Skip to main content Skip to footer

What is Agile project management: when and how to use it

All of us at monday.com

    Agile project management can be a polarizing topic in professional circles.

    Some are firm believers in Agile, claiming it helps their teams conquer any amount of work faster, achieve continuous improvement, and exceed goals. Others complain that just because you adopt agile, doesn’t mean you have a solution that prevents oversights in the development process.

    In this guide to Agile project management, you’ll learn exactly what it is and how you could start adapting it appropriately for your organization.

    What exactly is Agile project management?

    Agile project management is an iterative approach to deliver a project throughout its life cycle. Iterative approaches are commonly used in software development projects because they promote speed and adaptability. The benefit of iteration is that you can problem solve and adjust as you go instead of following a linear path.

    The 4 values of Agile

    The Agile approach is founded on four foundational values that aim to solve the issue of product-market disconnects that plague companies globally:

    • Value 1: Individuals and interactions over processes and tools
    • Value 2: Working software
    • Value 3: Customer collaboration
    • Value 4: Responding to change over following a plan

    The 12 Agile project management principles

    According to the Agile Manifesto, there are 12 main principles of Agile project management. We’ve gathered them here for you to keep in mind as an Agile project manager:

    1. Satisfy the customer. Everything you do should be geared towards your target market.
    2. Don’t fear change. Remain flexible.
    3. Deliver working versions frequently. For example, work on completing iterations rather than finished products.
    4. Bring business people and technical people together. A disconnect between departments leads to a disconnect between your products and your target customers.
    5. Motivate, trust, and support your team members. 
    6. Engage in face-to-face conversation. 
    7. Measure progress with working versions of the final product.
    8. Encourage sustainable development. Ongoing progress over the long term beats hackathons.
    9. Pay attention to technical excellence and good design. 
    10. Keep it simple.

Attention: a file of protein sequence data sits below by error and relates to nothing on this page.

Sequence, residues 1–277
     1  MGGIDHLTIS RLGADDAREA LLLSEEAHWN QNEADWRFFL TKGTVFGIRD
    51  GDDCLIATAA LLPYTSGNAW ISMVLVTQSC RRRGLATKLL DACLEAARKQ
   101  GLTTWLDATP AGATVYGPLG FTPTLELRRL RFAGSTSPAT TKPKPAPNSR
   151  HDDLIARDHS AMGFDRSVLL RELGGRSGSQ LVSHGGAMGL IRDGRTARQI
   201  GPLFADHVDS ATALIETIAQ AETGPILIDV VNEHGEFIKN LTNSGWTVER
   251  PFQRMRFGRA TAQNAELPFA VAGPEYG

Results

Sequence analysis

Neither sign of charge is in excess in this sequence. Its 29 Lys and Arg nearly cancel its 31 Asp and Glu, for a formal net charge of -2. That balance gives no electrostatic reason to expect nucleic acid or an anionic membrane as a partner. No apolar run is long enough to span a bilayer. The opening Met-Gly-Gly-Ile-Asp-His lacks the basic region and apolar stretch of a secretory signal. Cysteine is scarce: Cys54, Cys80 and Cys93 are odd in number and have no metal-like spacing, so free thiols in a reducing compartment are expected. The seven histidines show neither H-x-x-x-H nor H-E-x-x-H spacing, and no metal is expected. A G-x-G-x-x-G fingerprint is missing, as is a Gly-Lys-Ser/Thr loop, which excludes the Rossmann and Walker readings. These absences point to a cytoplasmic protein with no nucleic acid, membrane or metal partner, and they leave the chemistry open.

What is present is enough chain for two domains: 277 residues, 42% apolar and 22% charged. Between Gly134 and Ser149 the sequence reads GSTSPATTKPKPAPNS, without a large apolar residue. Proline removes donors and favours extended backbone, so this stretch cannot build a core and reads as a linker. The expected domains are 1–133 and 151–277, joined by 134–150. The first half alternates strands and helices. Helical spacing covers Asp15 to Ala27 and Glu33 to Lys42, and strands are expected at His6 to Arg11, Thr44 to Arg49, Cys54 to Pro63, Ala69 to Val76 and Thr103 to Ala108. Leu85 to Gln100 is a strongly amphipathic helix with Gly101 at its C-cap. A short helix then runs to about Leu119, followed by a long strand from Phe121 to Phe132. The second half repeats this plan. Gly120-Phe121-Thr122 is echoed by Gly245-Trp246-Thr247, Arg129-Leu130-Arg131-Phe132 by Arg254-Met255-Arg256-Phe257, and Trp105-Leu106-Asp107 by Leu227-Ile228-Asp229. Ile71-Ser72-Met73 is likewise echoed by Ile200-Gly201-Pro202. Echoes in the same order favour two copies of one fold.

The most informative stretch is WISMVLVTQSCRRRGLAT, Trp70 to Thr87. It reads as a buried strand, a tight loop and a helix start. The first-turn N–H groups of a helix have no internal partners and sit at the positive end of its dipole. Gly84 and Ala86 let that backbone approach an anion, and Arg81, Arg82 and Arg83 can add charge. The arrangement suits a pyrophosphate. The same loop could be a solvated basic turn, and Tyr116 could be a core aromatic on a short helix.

11. Use self-organizing teams. Autonomy leads to more motivated and productive employees.
    12. Regularly reflect and review. You can’t learn or progress without evaluating your workflow.

    What is the difference between Agile and Waterfall?

    Agile methods are different from traditional project management because they prioritize feedback and learning, as well as flexibility and collaboration. Instead of a set process, they allow room for constant revisions and updated action items based on outcomes, customer feedback, and results. 

    Traditional or Waterfall approaches follow predictable stages. You start with the requirements gathering stage and keep going down until the project is over. In Agile, you instead cycle through these stages as you work on the project in smaller pieces called iterations or Agile sprints, where the focus is to deliver a single, working product increment at a time. P.S., we wrote all about Agile Sprints here.

    Waterfall vs. Agile

    (Image Source)

    Having problems signing up?
    Contact us, we're here, 24/7
    logo

    What is Agile project management best for?

    Agile project management gives teams better visibility into project performance, with frequent Scrum meetings and sprint reviews that provide increased transparency—so this method is a great fit for teams who want to better know how a project is progressing. The values of Agile also promote boosted productivity and collaboration. 

    To better understand when to use Agile project management, let’s take a look at the industries and types of projects that use Agile methodology. According to a Koblenz University study, it’s clear that Agile project management has a presence in more industries than software development. In today’s world, every business uses a system to track its progress and accomplish tasks—even if it’s not to produce a physical product.

    Agile use cases

    That being said, there are a few things to keep in mind when choosing your project management method. In general, you want to use Agile for highly unpredictable projects that don’t need to follow a rigorous schedule or regulations.

    When you’re developing anything new from scratch or transitioning as a company, Agile project management methodology can work wonders. By shortening the work cycle, you can get to market faster while constantly adjusting the course to align with market changes.

    In an engineering or construction project where everything needs to happen at exactly the right time, full-blown Agile isn’t a great idea. The same goes for highly regulated industries where you need government sign-off before starting.

    Try monday.com

    What is the most popular Agile project management framework?

    Some of the top Agile frameworks are:

    • Kanban
    • Scrum
    • Extreme Programming
    • Lean
    • Hybrid

    According to the 2020 State of Agile report, Scrum ranks at the top.

    Most popular Agile frameworks in 2020
    (Image Source)

    Let’s explore Scrum and Kanban a bit more in-depth.

    What does Scrum in Agile mean?

    Scrum is an Agile framework used to manage product development and other knowledge work. Scrum is experimental in that it provides a means for teams to create a hypothesis of how they think something works, try it, reflect on the experience, and adjust accordingly.

    Larger project teams are broken into smaller Scrum teams that include a Product Owner — who represents the interests of the business — and a Scrum Master who works to minimize roadblocks that prevent work from getting done. These individual teams self-organize and work in a Scrum sprint that lasts one to four weeks. Instead of writing an in-depth project plan, the Scrum team reviews the “product backlog” before every sprint. The product backlog is a list of features the finished product needs.